We sat outside on the patio furniture, sun-drunk in the calm before the Thanksgiving storm.
My Labrador was sprawled out on the edge of the circled chairs, and the lone chicken was close to the middle. Lone chicken, since most of her brethren were picked off by hawks more than a year ago. I haven’t replenished the brood, because Scarlett (named after Scarlett Lewis, from the second For The Sender book) has been a happy chicken.
You know, good on her own.
Of course, anybody who came over would say, ‘You better get that chicken another chicken’ or ‘Chickens need chickens’ or some other riff on the no-solo-chickens-allowed chorus. They said the same thing about Annie, one of my horses, when she was single, so to speak.
But Annie was happy, too. I learned awhile back that herds and broods don’t have to be all the same animals, just like family doesn’t have to be blood.
Which is why Scarlett was hanging out with us, sun drunk in the calm before the Thanksgiving storm.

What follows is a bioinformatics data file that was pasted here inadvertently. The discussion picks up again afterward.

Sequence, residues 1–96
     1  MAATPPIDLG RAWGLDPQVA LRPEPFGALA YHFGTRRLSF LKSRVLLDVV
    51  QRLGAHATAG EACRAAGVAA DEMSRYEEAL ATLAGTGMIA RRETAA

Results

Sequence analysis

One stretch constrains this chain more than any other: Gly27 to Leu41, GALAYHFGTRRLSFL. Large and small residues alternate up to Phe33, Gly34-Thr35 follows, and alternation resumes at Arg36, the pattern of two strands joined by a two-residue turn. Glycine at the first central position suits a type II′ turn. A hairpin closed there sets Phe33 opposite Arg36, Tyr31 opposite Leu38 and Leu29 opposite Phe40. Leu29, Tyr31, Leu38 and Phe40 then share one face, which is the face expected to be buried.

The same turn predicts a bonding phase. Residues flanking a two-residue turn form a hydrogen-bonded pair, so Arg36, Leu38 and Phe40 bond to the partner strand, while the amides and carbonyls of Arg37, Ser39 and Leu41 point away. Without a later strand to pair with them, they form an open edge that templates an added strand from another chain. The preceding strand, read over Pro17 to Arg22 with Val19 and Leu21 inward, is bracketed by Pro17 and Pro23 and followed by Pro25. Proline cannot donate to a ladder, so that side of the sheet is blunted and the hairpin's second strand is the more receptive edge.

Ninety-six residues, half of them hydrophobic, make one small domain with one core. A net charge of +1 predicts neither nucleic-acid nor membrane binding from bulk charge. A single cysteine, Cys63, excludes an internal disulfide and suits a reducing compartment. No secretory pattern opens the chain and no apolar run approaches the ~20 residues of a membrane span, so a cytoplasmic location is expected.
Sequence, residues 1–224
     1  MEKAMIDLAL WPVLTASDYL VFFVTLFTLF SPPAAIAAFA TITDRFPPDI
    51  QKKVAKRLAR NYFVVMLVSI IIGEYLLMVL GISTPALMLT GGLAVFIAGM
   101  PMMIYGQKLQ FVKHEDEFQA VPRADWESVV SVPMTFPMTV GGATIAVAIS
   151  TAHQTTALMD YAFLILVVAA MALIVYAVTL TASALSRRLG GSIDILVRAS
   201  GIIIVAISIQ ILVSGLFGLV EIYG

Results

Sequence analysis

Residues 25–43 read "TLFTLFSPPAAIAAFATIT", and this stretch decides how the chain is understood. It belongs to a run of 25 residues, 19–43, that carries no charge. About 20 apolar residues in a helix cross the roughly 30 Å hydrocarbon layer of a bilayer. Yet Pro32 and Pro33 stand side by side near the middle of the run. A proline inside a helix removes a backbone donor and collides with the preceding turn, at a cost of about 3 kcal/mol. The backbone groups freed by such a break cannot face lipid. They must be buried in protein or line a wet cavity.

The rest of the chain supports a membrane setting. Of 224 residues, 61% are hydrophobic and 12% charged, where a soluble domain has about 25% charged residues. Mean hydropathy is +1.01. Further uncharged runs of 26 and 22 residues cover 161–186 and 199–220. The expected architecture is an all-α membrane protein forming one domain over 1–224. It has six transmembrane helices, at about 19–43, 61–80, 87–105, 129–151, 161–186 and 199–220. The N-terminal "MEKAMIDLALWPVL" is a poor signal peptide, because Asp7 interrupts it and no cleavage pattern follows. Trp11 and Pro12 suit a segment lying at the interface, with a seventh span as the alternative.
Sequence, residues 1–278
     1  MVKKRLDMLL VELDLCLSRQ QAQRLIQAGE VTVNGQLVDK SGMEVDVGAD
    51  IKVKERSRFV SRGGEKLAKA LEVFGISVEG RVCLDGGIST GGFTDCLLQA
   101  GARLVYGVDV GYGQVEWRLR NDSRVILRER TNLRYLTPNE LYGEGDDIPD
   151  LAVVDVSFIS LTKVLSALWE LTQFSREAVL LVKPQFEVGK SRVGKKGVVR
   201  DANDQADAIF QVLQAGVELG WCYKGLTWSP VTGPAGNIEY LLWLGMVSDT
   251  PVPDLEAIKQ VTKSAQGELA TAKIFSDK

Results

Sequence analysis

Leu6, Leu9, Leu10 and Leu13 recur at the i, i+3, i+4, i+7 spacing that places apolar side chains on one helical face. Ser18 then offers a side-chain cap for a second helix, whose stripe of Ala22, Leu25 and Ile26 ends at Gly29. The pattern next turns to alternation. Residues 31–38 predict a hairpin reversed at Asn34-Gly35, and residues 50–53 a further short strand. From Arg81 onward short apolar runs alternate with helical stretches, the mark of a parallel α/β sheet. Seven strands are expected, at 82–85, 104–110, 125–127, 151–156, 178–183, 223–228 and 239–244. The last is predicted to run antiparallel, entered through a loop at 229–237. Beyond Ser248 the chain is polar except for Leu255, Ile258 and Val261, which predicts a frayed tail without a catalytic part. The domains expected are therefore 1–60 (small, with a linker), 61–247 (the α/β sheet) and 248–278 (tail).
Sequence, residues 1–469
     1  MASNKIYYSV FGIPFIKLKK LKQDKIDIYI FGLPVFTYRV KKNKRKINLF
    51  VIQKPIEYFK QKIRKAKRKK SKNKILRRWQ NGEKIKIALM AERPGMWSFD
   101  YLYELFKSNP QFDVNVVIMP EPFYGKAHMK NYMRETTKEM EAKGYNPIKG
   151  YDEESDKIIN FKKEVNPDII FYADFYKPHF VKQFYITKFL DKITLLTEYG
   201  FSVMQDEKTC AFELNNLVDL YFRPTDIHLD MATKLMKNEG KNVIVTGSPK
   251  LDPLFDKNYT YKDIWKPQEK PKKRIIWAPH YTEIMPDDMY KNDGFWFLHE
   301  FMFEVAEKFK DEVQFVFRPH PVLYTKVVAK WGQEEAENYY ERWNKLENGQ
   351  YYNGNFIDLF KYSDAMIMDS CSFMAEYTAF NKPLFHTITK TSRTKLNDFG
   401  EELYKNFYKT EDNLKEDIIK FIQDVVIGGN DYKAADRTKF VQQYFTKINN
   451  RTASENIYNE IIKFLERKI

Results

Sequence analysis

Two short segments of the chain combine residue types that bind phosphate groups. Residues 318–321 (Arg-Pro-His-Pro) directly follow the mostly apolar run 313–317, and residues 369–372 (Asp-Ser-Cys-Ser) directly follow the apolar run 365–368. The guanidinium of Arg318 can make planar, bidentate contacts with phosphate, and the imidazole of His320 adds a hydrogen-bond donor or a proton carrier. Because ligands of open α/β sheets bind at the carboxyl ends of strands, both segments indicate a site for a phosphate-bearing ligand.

Until she screamed.
I heard the hawk before I saw it, wings brushing my mom’s chair as it swooped down, talons drawn on Scarlett. She was clucking around maybe 18 inches from my mom, and a couple feet from my dog, but this predator didn’t care. It had a kill in sight.
And almost in its clutches.
The hawk hit the chicken, but couldn’t hold her. Two wing beats later it was gone, hiding in the branches of a nearby eucalyptus. I corralled Scarlett, who’d darted under the table and seemed to be in some sort of chicken shock, and took her back to the coop.
Later that night, when my turn came to say what I was thankful for, I didn’t say anything about the love of my family or my dog or my health… all of which I am grateful for.
I said I was thankful that the hawk didn’t kill the chicken.
I wonder if everyone at the table heard what I was really saying, though.
How in an instant, life can turn to death, and how grateful I am that in this pile of ‘instants’ we call life, we’re still here.
Sun-drunk in the calm, before the Thanksgiving storm.